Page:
Common sense prevailed in the published Court of Appeals opinion of Dancey v Travelers Property Casualty Co, issued April 6, 2010. In that case, a motorist was injured in single-vehicle accident after her vehicle hit a ladder lying in the roadway. Her insurance company denied her uninsured motorist benefits (which covers situations where there is a hit-and-run vehicle or where there is no direct physical contact with the hit-and-run vehicle). The insurance company argued that the insured was not entitled to benefits because she "no one could affirmatively state that the ladder fell off another vehicle."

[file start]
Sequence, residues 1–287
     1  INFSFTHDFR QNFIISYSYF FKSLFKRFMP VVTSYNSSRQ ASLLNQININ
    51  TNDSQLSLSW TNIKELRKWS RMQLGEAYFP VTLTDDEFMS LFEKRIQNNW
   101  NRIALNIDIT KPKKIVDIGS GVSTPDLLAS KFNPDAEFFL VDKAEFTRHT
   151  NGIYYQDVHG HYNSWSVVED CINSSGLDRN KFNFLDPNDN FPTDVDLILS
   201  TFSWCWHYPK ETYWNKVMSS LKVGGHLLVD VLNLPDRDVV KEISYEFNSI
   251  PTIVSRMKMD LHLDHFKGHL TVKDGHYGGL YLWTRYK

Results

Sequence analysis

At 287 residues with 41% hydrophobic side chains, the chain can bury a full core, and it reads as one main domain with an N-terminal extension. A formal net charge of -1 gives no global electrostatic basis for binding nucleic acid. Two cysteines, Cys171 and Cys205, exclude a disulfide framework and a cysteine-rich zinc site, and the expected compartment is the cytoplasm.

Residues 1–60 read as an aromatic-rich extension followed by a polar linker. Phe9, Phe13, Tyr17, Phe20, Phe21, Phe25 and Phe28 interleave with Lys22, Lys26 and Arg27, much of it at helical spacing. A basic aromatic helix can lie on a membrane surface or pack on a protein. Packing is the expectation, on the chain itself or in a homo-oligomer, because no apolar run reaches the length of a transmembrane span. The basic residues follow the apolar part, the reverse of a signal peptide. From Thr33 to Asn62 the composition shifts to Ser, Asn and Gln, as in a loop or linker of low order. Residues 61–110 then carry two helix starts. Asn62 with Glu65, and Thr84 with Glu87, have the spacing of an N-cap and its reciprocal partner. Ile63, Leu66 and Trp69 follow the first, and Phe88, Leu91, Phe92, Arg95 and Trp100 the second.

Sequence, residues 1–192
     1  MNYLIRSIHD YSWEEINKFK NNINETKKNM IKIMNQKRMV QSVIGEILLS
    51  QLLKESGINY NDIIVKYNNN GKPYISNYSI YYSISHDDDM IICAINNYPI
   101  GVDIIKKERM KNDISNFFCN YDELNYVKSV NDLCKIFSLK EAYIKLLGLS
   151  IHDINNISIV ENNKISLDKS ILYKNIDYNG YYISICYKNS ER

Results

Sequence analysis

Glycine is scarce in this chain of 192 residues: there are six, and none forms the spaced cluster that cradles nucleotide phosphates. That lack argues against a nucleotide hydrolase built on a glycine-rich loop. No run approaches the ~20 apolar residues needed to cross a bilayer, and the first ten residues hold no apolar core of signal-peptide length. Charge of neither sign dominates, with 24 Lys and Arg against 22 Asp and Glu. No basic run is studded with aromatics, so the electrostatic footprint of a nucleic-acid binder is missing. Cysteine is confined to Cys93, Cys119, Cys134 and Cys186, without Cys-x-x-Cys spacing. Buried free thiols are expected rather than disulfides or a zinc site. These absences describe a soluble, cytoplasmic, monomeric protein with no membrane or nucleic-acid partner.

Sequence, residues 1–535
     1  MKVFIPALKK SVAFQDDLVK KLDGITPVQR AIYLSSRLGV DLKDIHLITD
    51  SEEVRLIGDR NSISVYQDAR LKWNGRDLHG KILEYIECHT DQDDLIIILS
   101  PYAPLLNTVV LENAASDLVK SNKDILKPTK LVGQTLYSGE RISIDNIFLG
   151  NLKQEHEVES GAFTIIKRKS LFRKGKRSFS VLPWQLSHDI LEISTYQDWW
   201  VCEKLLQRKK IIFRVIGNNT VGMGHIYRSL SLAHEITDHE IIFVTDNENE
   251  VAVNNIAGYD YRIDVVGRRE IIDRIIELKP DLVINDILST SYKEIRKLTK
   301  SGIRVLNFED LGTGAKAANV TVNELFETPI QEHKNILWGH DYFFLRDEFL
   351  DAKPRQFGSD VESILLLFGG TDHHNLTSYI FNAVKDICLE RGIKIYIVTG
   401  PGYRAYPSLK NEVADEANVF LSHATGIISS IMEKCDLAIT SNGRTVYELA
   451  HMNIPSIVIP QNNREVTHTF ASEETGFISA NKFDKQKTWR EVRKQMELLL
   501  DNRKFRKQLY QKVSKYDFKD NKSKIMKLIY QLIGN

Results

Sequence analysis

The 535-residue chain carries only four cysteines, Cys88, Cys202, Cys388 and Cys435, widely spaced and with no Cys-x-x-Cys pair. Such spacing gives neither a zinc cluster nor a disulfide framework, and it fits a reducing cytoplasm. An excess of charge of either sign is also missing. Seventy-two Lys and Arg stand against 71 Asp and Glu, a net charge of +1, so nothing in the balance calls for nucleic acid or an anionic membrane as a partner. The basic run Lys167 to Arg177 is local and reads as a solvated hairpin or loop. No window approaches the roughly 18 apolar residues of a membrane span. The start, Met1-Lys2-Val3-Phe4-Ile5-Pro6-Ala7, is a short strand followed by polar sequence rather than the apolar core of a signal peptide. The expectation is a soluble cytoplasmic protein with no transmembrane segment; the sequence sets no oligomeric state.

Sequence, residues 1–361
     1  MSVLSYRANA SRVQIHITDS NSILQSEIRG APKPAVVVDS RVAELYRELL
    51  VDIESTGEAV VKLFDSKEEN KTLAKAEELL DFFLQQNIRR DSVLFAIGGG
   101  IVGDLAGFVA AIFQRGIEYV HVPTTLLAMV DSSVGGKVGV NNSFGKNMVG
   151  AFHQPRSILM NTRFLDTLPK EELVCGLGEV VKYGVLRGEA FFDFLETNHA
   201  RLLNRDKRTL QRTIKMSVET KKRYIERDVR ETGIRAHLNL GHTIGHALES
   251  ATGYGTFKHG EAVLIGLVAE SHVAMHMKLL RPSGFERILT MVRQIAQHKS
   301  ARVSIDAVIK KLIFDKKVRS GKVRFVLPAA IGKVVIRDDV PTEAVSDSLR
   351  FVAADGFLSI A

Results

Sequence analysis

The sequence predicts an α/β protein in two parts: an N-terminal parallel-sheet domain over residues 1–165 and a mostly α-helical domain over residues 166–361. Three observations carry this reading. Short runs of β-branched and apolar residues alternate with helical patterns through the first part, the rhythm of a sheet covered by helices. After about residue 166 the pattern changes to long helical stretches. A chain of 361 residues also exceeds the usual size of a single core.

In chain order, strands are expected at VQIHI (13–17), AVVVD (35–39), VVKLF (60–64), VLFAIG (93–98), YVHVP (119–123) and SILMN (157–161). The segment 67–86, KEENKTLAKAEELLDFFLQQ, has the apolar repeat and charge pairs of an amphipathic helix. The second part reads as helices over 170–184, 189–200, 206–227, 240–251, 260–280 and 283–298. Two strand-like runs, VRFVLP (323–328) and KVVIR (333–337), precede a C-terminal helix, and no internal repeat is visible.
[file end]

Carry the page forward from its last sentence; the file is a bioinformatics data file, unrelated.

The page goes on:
After reviewing a series of older appellate decisions, the Court of Appeals affirmed the trial court's decision denying summary disposition. Even though none of the witnesses saw the ladder falling off a particular passing vehicle, the location of the ladder at the intersection of two freeways "supports an inference that the ladder in question must have fallen off another vehicle." The Court held that a jury could find that there was a substantial physical nexus between a hit-and-run vehicle and the ladder struck by plaintiff.